The next day dawned bright, but breezy and I have to say I was less than enthusiastic about sailing around with a large group of other boats.  it may be a 'friendly' race, but people do get competitive ...

Roger Scott took some great photos and here is one of Zebedee and Blondie storming along before the start line.


We made a bad start, largely due to the fact that neither skipper Alan, nor helmsman, Annie, had bothered to pay a lot of attention to the instructions.  I reckoned my job was to point the boat as directed so lay the blame squarely on Alan's shoulders.  Our sole crew member was too busy watching the other boats to get involved until Alan asked her: "Just which beacon are we supposed to use?"  Hmm, we'd chosen the wrong one.  However, Zebedee took off in hot pursuit of the fleet and we slowly overhauled every single junk, bar Tystie (and we even got ahead of her for a while) leaving Alan ecstatic and me exhausted.  Zebedee is a bit of a brute, close-hauled in gusty conditions and insists that his mainsheet be eased before he will bear away in a gust, so that was Alan's job.  At one point it felt extremely hairy, with boats all round, rocks not far to windward, me desperately trying to leave boats enough room to windward and those to leeward desperately trying to get past us and clear.  Not really my cup to tea, I have to confess.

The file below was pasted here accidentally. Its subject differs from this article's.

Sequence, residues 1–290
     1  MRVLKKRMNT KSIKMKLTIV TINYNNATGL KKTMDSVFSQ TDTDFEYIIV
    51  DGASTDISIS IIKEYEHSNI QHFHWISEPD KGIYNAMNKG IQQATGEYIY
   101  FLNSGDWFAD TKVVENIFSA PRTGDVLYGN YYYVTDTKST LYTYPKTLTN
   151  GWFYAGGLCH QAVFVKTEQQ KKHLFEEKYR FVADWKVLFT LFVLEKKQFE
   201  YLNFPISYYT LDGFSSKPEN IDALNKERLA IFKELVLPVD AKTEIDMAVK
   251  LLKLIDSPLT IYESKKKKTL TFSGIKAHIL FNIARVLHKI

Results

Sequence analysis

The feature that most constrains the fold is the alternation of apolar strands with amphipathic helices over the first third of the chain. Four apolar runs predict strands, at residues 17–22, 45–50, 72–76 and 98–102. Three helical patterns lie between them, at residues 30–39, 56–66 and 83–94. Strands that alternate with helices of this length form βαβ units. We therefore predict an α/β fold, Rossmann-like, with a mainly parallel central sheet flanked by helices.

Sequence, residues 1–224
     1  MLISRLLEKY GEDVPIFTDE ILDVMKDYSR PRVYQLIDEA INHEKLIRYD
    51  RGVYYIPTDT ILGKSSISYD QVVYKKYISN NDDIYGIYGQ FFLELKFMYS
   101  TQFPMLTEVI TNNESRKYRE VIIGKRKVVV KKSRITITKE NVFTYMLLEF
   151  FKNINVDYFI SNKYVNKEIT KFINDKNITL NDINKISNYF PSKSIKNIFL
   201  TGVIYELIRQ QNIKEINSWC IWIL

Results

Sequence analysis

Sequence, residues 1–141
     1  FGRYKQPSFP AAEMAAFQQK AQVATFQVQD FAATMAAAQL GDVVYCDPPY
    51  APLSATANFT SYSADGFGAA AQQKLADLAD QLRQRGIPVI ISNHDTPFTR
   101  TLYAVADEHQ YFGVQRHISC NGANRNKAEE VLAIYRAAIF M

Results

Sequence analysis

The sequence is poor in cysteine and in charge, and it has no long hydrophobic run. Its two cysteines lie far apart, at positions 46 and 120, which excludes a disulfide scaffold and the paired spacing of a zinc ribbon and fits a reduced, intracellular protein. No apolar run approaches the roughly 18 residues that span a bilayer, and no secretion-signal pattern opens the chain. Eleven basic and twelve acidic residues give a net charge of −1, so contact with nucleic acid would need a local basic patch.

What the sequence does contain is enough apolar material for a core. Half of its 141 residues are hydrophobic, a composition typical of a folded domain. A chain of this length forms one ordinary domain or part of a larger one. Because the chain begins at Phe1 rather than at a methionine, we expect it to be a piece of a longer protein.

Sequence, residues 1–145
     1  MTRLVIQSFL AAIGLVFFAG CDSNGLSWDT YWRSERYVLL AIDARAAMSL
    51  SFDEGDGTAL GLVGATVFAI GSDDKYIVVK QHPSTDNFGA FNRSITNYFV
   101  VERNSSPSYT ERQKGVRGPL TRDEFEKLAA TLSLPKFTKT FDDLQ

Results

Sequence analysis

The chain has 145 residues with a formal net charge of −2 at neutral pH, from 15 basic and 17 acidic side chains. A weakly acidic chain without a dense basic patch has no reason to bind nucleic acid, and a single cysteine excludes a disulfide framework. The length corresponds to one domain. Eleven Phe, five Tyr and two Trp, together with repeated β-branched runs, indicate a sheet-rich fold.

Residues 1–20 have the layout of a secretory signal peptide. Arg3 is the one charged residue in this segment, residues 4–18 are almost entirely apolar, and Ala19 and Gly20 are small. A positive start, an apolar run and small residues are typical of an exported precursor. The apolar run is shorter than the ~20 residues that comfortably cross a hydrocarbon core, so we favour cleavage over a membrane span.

However, in due course, we were in less crowded conditions, and by watching another couple of canny boats ahead of us, I managed to avoid getting becalmed in the lee of Roberton Island.  That's when we overtook Tystie.  A tacking duel followed, in which we went faster and higher that she did on port, only to lose it all again on starboard.  Sadly for Alan, there was a lot more sailing on starboard than on port, but we still felt that Zebedee had done really well for himself.

 I stayed on for another day of socialising, while the rest of the junkies carried on having a perfectly wonderful time.  I gather there has been much sailing in company, visiting back and forth and blather about all things junk.  This is another of Roger's great photos of Zebedee sailing alongside Fantail, showing off the new sail that Bryan has made.

 Anyway, enough of fun and frivolity.  Back to the hard grind.  Just before Christmas, I finished varnishing the forecabin.  I confess to feeling very pleased with it!